In addition, continuing to fly the flag will send an important message to European citizens in Scotland. The past four years have been an unpleasant experience for them, and a great many feel utterly abandoned by a Westminster Parliament and Government that they previously had respect for. European citizens have been made to feel unwelcome, and discrimination and hate crime have risen across the UK. People who have lived here for decades are being asked to provide proof of their right to continue doing so just to access basic services.

Symbols matter, and, for many of the 237,000 EU citizens who live in Scotland, our decision to continue to fly the flag, which is a statement of our continued commitment to a common European future, matters a great deal.

I do not have a huge amount of interest in flags. Unsurprisingly, I have no affinity for the union flag, but I do not feel a particular affinity for the saltire, either—that is not what motivates my politics. However, if continuing to fly the European flag can provide some visible reassurance to European citizens that the Parliament continues to stand up for them and that we are still their representatives as much as we are anyone else’s, so be it. That alone is a good enough reason for me.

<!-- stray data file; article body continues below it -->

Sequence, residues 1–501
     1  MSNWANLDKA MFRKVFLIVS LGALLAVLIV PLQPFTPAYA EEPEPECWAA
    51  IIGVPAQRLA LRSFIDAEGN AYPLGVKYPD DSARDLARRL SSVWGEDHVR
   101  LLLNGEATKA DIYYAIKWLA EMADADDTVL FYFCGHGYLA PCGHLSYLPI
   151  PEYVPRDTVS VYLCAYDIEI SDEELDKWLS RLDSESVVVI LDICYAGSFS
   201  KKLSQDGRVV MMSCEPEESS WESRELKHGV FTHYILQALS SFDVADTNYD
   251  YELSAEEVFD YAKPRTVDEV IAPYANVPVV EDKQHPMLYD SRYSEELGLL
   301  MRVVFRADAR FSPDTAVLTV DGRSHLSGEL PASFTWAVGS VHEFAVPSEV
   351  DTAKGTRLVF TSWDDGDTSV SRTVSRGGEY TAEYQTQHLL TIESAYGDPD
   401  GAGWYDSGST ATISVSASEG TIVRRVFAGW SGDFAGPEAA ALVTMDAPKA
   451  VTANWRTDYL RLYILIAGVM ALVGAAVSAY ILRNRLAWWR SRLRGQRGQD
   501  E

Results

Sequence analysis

Will the member give way?

No, I am afraid not.

I hear the concerns of people outside the chamber who are frustrated that Parliament’s valuable time—even just half an hour of it—is being given over to a debate about flags. They are right to have those concerns, and they are considerably more sincere than those who are making similar points in the chamber today, whose parties absolutely wanted the debate to happen precisely so that they could make political capital out of it. The Scottish Government has opened itself up to justified criticism for bringing forward this debate despite not having brought forward a single debate on our schools for more than two years. I have been vocal in my criticism of its failure to do so.